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First off today, Nick Statt at The Verge reports that hip-hop artist Jay-Z and his label, Roc Nation, have filed multiple takedown notices against videos that use artificial intelligence-powered impersonation, better known as deepfakes.
The story begins when Andy Baio, the co-founder of XOXO festival, wrote a piece on deepfakes and linked to two such videos featuring Jay-Z rapping Shakespeare’s “To Be or Not to Be” soliloquy from Hamlet and Billy Joel’s We Didn’t Start the Fire. However, Jay-Z responded by filing copyright takedown notices with YouTube, hitting the channel with copyright strikes, for those two videos.
According to those takedown notices, the videos “unlawfully uses an AI to impersonate our client’s voice.” However, there are debates as to whether Jay-Z’s claims are valid as the video creator may have strong fair use arguments. That said, YouTube has restored the videos in question saying that it reviewed the takedowns and found that they were incomplete.
Next up today, Andy at Torrentfreak writes that a Danish woman who sold access to her Dropbox account filled with pirated copies of academic textbooks has been handed a suspended sentence for her activities.
The woman, whose name was not mentioned in the article, sold access to her Dropbox for 20 kronor ($3), which provided access to some 115 textbooks sold by local publishers. However, after posting the ad, the police quickly got it removed and identified the seller. She was later charged and, on Monday, was handed a suspended 20-day prison sentence and a financial confiscation order.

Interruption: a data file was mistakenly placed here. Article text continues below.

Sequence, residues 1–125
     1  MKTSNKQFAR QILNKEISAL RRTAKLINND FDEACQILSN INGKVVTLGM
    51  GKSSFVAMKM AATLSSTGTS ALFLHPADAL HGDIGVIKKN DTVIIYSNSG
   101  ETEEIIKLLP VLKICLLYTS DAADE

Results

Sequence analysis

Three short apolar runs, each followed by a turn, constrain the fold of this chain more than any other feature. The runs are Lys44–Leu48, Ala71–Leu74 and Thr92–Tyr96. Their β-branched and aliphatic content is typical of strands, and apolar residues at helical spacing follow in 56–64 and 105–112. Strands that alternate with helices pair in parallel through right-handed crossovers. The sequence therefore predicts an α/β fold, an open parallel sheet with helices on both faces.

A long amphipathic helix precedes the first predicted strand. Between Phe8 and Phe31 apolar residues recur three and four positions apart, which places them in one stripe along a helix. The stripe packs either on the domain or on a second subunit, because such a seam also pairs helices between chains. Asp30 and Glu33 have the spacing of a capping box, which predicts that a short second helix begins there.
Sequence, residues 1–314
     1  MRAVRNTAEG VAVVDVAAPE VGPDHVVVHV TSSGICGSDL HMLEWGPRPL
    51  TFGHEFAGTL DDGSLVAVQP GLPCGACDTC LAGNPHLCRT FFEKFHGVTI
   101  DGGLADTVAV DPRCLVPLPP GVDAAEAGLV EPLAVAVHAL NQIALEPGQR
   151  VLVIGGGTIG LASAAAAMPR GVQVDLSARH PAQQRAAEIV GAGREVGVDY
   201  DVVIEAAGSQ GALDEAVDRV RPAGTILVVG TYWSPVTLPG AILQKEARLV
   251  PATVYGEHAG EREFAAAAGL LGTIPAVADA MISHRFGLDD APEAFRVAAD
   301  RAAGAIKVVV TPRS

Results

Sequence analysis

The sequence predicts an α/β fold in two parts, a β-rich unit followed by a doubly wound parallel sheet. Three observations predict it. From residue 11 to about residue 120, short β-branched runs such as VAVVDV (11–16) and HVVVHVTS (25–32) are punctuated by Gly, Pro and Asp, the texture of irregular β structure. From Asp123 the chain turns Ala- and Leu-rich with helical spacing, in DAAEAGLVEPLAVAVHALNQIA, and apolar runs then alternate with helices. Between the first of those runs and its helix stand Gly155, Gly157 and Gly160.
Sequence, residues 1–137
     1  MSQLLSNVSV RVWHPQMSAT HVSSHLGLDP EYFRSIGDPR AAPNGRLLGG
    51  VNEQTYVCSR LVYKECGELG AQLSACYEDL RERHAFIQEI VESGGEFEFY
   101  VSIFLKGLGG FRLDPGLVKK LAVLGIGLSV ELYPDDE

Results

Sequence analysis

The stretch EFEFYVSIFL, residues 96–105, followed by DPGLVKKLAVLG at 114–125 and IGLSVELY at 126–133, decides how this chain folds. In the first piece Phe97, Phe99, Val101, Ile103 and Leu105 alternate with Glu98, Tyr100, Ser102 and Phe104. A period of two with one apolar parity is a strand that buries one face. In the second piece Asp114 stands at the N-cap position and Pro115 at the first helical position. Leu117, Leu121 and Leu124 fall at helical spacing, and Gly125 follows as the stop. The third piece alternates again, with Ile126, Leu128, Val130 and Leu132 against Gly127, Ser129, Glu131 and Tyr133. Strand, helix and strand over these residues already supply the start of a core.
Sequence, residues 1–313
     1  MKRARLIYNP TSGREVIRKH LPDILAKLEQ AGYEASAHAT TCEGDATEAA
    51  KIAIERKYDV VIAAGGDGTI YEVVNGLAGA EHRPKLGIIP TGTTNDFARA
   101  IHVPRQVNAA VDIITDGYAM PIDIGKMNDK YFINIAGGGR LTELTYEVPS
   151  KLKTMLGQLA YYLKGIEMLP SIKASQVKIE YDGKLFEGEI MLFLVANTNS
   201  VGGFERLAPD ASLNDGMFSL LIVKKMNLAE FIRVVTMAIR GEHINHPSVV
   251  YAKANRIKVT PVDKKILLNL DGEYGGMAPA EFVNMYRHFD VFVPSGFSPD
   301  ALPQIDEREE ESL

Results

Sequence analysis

The case was partially pursued by the local anti-piracy group Rights Alliance, which aided the police in the case and pushed for it to be addressed. The sentence is similar to two nearly-identical cases of ebook piracy that were also concluded by local police.
3: Appeals Court Upholds Judgments in Favor of Infogroup: DatabaseUSA, Vinod Gupta Owe More Than $22 Million
Finally today, a press release by Infogroup writes that the Eighth Circuit Court of Appeals has upheld a jury verdict in favor of the database company Infogroup against their former CEO and founder Vinod Gupta and his new company DatabaseUSA.
According to the lawsuit, when Gupta left Infogroup for DatabaseUSA, he took with him several elements from Infogroup that were used in his new company. Because of that, Infogroup sued both DatabaseUSA and Gupta personally for a variety of things including violating their database copyright, their trademarks, unfair competition and more.
In August 2018, a jury found in favor of Infogroup and handed down a $21.2 million judgment against the defendants. That included $11.2 million for DatabaseUSA and $10 million for Gupta himself. DatabaseUSA, unable to pay the judgment, has since gone into bankruptcy but the company is still seeking to hold Gupta, as well as other companies connected with him, liable.